You're right. We are the outliers here in the retirement world so I guess I should cut the authors a little slack. But I find the idea that most 62 year olds, especially in this day and age, would be so physically, mentally and emotionally unfit once retired they would die or become severely diseased, disabled, depressed and lose cognitive function JUST because they retired. Its as if saying they were able and hearty and vibrant their entire lives and succumbed to old age once they stopped working. It seems more likely they had many of those issues before they retired - perhaps had them for decades - and just succumbed to them once older. IDK just my personal pet peeve. I do think it would be fun if someone did a study of really early retirees and looked at their physical, emotional and mental health once they reached 62 or older. Will someone who retired at 42 and hasn't worked a job for 20 years be better off or worse off then someone who retired at 62?

mathlete

  • Handlebar Stache
  • *****
  • Posts: 1584
Re: Wall Street Journal: The Case Against Early Retirement
« Reply #12 on: April 22, 2019, 05:27:34 PM »
You're right. We are the outliers here in the retirement world so I guess I should cut the authors a little slack. But I find the idea that most 62 year olds, especially in this day and age, would be so physically, mentally and emotionally unfit once retired they would die or become severely diseased, disabled, depressed and lose cognitive function JUST because they retired. Its as if saying they were able and hearty and vibrant their entire lives and succumbed to old age once they stopped working. It seems more likely they had many of those issues before they retired - perhaps had them for decades - and just succumbed to them once older. IDK just my personal pet peeve. I do think it would be fun if someone did a study of really early retirees and looked at their physical, emotional and mental health once they reached 62 or older. Will someone who retired at 42 and hasn't worked a job for 20 years be better off or worse off then someone who retired at 62?

Yeah, it peeves me too. There is a type of journalism where everything reported is factually correct (retirees lose a social circle and tend to be more sedentary), but the catchy headline doesn't logically or necessarily follow from the facts.

Stop me if you've seen something like this before:

Want to Live Longer? Drink Red Wine!

That's what researchers at Columbia University say! According to a 2016 study, adults who have between 2 and 3 glasses of red wine each week live 12% longer than their peers. Red Wine has long been known as a rich source of heart-healthy antioxidants. So pop a bottle and watch Dany slay this week on Game of Thrones! Remember moderation though!

As far as bad journalism goes, it's pretty benign. Still annoying to see though.


Grande

  • Stubble
  • **
  • Posts: 112
Re: Wall Street Journal: The Case Against Early Retirement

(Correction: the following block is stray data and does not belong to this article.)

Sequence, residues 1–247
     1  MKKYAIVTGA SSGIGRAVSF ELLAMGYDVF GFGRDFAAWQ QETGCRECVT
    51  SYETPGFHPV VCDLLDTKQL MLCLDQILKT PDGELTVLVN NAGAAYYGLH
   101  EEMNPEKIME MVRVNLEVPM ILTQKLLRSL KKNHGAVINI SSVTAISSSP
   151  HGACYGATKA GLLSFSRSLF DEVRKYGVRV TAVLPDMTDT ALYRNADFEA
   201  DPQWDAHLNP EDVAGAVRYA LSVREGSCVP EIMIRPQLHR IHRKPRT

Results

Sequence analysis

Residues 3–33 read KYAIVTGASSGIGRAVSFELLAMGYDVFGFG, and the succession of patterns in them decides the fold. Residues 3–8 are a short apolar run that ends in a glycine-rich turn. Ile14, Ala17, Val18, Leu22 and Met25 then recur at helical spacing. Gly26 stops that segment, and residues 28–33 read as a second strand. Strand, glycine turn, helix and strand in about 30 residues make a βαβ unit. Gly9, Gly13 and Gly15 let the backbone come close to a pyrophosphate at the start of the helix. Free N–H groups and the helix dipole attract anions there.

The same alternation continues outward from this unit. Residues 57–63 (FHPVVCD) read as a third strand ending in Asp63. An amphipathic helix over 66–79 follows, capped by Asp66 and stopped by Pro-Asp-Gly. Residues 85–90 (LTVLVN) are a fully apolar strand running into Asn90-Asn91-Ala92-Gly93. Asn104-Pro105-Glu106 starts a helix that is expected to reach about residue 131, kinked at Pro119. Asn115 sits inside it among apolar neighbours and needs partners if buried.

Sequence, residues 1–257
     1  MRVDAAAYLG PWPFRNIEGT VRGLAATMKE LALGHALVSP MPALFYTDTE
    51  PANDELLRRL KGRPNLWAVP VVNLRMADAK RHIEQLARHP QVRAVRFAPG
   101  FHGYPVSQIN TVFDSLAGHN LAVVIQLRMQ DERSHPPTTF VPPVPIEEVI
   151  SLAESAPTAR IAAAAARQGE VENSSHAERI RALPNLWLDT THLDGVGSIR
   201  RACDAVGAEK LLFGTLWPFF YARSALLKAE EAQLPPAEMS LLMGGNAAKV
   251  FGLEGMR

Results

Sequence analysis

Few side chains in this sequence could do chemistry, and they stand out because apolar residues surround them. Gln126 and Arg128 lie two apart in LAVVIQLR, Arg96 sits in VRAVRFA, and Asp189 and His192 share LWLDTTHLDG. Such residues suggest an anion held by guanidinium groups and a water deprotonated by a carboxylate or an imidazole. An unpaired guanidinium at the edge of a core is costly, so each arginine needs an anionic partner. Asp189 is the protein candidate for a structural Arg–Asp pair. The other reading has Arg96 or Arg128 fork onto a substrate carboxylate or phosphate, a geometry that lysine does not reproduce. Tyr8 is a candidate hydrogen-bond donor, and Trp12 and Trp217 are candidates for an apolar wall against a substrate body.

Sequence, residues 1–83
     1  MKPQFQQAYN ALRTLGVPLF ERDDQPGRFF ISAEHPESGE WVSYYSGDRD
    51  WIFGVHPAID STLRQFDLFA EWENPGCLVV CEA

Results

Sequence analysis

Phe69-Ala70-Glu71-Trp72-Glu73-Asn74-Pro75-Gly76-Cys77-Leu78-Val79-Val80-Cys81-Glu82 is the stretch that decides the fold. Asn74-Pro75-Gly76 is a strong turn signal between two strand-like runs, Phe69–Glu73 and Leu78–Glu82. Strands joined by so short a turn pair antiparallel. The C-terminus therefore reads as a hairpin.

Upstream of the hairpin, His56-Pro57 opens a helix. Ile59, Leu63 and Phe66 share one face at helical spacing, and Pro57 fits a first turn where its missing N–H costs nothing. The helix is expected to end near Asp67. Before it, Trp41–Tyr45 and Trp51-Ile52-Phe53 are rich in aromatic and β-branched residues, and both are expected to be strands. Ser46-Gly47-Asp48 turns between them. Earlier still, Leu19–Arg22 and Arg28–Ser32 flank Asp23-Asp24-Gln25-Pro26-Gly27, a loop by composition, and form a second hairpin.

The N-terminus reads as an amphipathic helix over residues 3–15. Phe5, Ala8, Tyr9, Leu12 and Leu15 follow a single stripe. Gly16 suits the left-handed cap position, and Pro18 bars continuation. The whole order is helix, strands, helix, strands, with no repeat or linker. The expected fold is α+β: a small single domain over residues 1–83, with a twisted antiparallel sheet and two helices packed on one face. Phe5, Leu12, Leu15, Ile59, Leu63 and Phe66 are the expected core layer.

« Reply #13 on: April 22, 2019, 06:05:45 PM »
You're right. We are the outliers h

That's what researchers at Columbia University say! According to a 2016 study, adults who have between 2 and 3 glasses of red wine each week live 12% longer than their peers. Red Wine has long been known as a rich source of heart-healthy antioxidants. So pop a bottle and watch Dany slay this week on Game of Thrones! Remember moderation though!

As far as bad journalism goes, it's pretty benign. Still annoying to see though.



What's you point on the red wine stuff? Are you serious? Other research says otherwise. Plus there may be an increase in risk of breast cancer.

Blindsquirrel

  • Pencil Stache
  • ****
  • Posts: 661
  • Age: 2
  • Location: Flyover country
Re: Wall Street Journal: The Case Against Early Retirement
« Reply #14 on: April 22, 2019, 06:30:13 PM »
   Welp, if I die young, at least I will have had a lot of time off. No one here gets out alive. :)
   Articles like that are irritating as most retire early due to health problems, not wealth problems. Big honking difference.

FIREstache

  • Pencil Stache
  • ****
  • Posts: 640
Re: Wall Street Journal: The Case Against Early Retirement
« Reply #15 on: April 22, 2019, 06:53:24 PM »
That's what researchers at Columbia University say! According to a 2016 study, adults who have between 2 and 3 glasses of red wine each week live 12% longer than their peers. Red Wine has long been known as a rich source of heart-healthy antioxidants. So pop a bottle and watch Dany slay this week on Game of Thrones! Remember moderation though!

As far as bad journalism goes, it's pretty benign. Still annoying to see though.

What's you point on the red wine stuff? Are you serious? Other research says otherwise. Plus there may be an increase in risk of breast cancer.

I think that was meant as another example of correlation vs. causation.

spartana

  • Handlebar Stache
  • *****
  • Posts: 1597
  • FIREd at 36? Or maybe it was 42?
Re: Wall Street Journal: The Case Against Early Retirement
« Reply #16 on: April 22, 2019, 10:41:28 PM »